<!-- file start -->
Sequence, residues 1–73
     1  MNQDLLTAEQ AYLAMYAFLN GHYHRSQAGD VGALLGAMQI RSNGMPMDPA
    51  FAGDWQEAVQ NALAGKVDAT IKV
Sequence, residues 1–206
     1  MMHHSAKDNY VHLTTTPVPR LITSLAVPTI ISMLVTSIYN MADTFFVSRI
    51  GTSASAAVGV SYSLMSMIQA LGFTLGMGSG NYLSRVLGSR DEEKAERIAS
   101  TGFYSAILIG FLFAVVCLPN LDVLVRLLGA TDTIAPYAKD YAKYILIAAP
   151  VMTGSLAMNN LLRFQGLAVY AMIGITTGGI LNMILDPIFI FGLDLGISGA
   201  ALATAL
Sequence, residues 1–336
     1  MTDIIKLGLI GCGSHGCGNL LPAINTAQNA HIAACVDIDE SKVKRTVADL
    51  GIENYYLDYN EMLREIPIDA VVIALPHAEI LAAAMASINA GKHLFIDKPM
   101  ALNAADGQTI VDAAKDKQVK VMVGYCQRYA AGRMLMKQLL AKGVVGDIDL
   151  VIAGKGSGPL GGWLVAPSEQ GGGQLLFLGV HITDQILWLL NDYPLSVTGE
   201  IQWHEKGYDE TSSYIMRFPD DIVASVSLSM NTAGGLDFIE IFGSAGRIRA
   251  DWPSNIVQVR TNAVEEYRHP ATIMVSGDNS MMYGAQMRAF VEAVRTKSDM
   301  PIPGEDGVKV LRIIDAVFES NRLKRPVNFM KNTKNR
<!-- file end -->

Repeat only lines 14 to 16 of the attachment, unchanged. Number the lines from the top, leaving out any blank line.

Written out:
   151  VIAGKGSGPL GGWLVAPSEQ GGGQLLFLGV HITDQILWLL NDYPLSVTGE
   201  IQWHEKGYDE TSSYIMRFPD DIVASVSLSM NTAGGLDFIE IFGSAGRIRA
   251  DWPSNIVQVR TNAVEEYRHP ATIMVSGDNS MMYGAQMRAF VEAVRTKSDM